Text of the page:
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Why Do Whales Beach? A Deep-Dive Into What Causes Whales to Strand Themselves on Shore

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Why do whales beach? It’s one of the more puzzling phenomena in nature that though humans may study, we still do not understand entirely. We do know that whales can become beached if they wade into too shallow water or if they are sick and can no longer swim. In this case, an exhausted whale won’t be able to continue swimming and then will eventually wash ashore.

But we also know that whales are extremely family-oriented, which could be one of the reasons why mass beachings happen, too. The Atlantic reports that in 2018, more than 150 pilot whales washed up on an Australian beach for seemingly no reason. There, the pod died in mass quantities, as the solid surface of land cannot support a whale’s chest walls. Their internal organs became compressed and, eventually, most of the whales stopped breathing.

Whale beaching is hardly a problem unique to Australia or to the year 2018. Mass quantities of whales have been recorded beaching in New Zealand, Cape Cod, and Chile. In Cape Cod, Mass., as many as 226 whales and dolphins beach or become stranded there each year. In 2019, a long-reported humpback whale — named Vector by researchers — beached in Cape Cod for seemingly no reason. She had five documented calves and had been spotted near the area as far back as 1984. Since 2016, the National Oceanic and Atmospheric Administration has reported the deaths of at least 14 humpback whales in Massachusetts.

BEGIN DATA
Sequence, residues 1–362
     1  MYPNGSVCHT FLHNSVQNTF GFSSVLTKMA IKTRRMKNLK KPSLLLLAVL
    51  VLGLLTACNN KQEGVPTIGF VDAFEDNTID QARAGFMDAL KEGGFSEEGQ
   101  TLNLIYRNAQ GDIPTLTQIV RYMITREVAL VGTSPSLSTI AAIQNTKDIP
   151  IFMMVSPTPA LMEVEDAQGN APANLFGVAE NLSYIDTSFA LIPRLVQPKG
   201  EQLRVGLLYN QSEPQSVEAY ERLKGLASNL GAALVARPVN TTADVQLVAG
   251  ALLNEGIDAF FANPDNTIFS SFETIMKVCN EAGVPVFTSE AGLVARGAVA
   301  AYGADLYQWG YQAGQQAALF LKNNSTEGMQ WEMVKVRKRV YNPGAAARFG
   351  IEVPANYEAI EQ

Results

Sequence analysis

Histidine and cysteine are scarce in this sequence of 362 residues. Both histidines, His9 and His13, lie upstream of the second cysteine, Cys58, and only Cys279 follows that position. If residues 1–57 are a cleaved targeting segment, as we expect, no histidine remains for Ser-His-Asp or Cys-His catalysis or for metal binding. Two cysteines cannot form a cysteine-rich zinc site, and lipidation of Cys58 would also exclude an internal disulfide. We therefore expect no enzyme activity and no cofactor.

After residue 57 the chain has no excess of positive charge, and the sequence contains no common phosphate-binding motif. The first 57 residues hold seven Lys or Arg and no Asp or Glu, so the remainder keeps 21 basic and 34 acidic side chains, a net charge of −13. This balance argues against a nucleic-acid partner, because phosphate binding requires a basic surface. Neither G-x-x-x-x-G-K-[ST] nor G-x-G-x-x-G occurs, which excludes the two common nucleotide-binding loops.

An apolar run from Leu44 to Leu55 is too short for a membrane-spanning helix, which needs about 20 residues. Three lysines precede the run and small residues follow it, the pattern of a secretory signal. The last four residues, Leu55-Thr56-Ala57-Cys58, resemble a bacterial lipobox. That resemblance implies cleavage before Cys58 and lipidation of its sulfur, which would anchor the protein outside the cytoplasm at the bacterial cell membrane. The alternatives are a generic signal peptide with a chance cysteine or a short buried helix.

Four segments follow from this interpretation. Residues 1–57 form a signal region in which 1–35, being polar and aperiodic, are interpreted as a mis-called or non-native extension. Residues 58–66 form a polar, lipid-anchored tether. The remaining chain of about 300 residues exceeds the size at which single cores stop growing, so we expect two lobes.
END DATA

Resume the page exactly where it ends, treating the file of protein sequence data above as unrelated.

According to The Atlantic, the largest mass whale beaching recorded in history occurred when 1,000 whales beached at the Chatham Islands of New Zealand over a century ago. And it’s still an issue — a mostly misunderstood issue — today.

So, why does it happen? Why does it happen to lone whales and why does it happen to entire groups of whales all at once? Keep reading for more information on why whales beach themselves.

What is whale beaching?

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Whale beaching is a colloquial term for what is scientifically known as cetacean stranding. It is a phenomenon in which both whales and dolphins strand themselves on land. (Considering the land closest to most waterways is typically a beach, the stranding usually happens on a beach.)

Beaching is a suicide of sorts, especially when it happens in mass quantities. Sometimes entire whale pods strand themselves on land, gasping for air and laying there to die for hours. If beached whales are discovered, humans can attempt to return some of the whales to the ocean and prolong their lives by drenching them with water until an attempt to return them can be made. 

Sadly, most beached whales and dolphins end up dying. This can be due to dehydration or the result of their internal organs being crushed while on land. When high tide comes in, the whale could actually drown once water covers their blowhole.